sympathize with and who's the one you want to see get their comeuppance at
the end. This radar is confused throughout and sometimes you feel aligned
to one character and then you shift your allegiance to somebody else, and
that in the end they are a group of people in a place that they should
never be and they're being slowly dismantled by their own folly.
There is a lot of
violent imagery in the movie, and anyone who knows your music would
probably be familiar with it, so it wouldn't be that shocking. How did
John influence the violent tone of the movie?
John is very
interested in violence. If you see his first and second films, he is
certainly interested in the aftermath of violence and where violence takes
you. I guess when John does violence he does it fast and brutal and it's
ugly and out of the way. Then he deals with the ramifications of that.
That's what he's primarily interested in.
People talk about
this film being a violent film, which I find slightly irritating because
the stuff that comes out of Hollywood are great ballets of violence.
[Hollywood] scripts are being written for the express purpose of just
having a whole lot of violence like Tarantino films which I find pretty
unwatchable most of the time. So when John deals with violence, I think he
deals with it in a realistic way and that it's a fundamental part of the
story. It was a violent time and a violent so-called 'civilizing' of the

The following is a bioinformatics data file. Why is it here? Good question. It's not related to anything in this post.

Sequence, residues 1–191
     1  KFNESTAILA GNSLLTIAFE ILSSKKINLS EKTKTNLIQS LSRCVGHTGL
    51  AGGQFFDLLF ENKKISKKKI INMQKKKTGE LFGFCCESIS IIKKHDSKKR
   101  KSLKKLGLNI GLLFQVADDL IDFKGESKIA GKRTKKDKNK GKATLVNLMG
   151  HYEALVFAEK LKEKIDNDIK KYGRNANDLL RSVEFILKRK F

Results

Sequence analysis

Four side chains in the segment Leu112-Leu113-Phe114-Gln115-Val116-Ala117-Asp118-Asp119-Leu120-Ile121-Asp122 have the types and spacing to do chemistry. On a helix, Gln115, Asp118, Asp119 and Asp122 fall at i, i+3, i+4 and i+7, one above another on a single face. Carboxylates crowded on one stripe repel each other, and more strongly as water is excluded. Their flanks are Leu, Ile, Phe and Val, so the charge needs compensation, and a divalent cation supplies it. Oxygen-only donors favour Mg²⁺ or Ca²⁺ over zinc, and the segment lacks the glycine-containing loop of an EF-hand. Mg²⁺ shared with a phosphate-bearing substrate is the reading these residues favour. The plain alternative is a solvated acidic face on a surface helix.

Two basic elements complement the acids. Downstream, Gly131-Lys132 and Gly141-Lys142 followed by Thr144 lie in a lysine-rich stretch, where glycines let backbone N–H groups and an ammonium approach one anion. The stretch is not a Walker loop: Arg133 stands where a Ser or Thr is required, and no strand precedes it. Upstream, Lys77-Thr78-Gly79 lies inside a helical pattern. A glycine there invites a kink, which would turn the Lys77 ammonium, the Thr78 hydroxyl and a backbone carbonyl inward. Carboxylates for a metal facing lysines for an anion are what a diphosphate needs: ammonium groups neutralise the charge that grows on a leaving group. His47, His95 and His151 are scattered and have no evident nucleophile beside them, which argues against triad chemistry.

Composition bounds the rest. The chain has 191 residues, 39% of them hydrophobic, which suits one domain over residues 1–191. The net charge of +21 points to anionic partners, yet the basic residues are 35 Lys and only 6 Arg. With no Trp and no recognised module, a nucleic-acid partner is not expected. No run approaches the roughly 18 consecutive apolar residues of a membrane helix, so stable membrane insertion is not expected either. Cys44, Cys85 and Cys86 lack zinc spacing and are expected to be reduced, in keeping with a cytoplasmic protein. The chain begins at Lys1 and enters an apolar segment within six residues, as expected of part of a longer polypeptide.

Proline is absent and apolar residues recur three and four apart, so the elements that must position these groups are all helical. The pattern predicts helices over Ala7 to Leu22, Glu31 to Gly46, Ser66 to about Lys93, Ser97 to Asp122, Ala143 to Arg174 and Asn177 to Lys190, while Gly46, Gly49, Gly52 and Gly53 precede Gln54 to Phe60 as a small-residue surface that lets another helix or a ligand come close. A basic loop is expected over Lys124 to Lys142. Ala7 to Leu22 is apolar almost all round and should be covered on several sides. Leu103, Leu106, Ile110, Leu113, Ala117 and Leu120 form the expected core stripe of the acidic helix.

You've written your
scripts pretty quickly, but your music takes much longer. What is the
difference four you between those two things?
To write a song and
see it through to the end is really hard work. It's not building a house
or bricklaying or anything like that, but for me it's a very difficult
process and the hardest part of it is when you're trying to start off a
song. I'm sitting alone in my office and I'm trying to think about what I
want to write about, and all I am is sort of exhausted by my own tiresome
kind of opinions about things, and all of this bullshit that I've got in
my head. It's very difficult to get through that and actually call
together some kind of a song.
Whereas when I'm
writing a script, when someone says write an Australian western, you don't
have to worry about how you feel about anything, or your own ideas about
anything. You just sit there and get a few characters; the story has its
Did you write any of
the music you composed for
while writing the script?
Yeah, the script has
all of the musical cues in it. You know, into the violins and all of that
sort of stuff. So, I was writing that as I was writing the script. I think
the script is kind of musical.
You have a double
DVD that's coming out –
Nick Cave And The
Bad Seeds -Road To God Knows Where /Live At The Paradiso. Have you
looked at them?
No, I never look
over my stuff. It just puts me off my game. I'd rather live in a kind of
fantasy world that what I do is brilliant, and I don't really ever want to
kind of actually see it for what maybe it really is. So I never listen to
my music, I never watch myself on TV or, especially, footage of myself